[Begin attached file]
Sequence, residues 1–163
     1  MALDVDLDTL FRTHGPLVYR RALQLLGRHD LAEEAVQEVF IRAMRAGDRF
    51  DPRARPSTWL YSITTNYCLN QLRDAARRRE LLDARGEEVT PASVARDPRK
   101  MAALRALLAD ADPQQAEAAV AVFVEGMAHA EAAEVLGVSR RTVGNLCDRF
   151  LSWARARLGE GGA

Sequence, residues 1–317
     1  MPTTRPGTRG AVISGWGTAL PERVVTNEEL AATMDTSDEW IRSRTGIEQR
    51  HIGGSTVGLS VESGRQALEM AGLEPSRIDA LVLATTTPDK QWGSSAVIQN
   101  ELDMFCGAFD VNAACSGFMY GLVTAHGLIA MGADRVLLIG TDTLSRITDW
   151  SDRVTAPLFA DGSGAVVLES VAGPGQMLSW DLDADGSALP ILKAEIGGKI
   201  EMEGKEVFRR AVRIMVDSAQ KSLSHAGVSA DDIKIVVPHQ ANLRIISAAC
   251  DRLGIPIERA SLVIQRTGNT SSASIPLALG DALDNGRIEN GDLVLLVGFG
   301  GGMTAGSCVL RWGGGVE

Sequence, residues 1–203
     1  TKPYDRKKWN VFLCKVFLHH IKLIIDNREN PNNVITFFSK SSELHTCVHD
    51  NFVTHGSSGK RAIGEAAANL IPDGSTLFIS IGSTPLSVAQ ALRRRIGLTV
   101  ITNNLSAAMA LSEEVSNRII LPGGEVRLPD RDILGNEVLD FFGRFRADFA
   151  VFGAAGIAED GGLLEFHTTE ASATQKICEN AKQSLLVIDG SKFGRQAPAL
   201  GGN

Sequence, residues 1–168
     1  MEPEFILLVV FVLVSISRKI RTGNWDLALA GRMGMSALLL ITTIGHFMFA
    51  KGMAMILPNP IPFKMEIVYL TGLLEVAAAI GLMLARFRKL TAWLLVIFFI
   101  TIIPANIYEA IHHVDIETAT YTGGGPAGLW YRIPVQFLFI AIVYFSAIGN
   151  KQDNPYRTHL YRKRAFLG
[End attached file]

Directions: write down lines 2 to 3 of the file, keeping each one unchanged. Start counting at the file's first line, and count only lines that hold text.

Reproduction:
     1  MALDVDLDTL FRTHGPLVYR RALQLLGRHD LAEEAVQEVF IRAMRAGDRF
    51  DPRARPSTWL YSITTNYCLN QLRDAARRRE LLDARGEEVT PASVARDPRK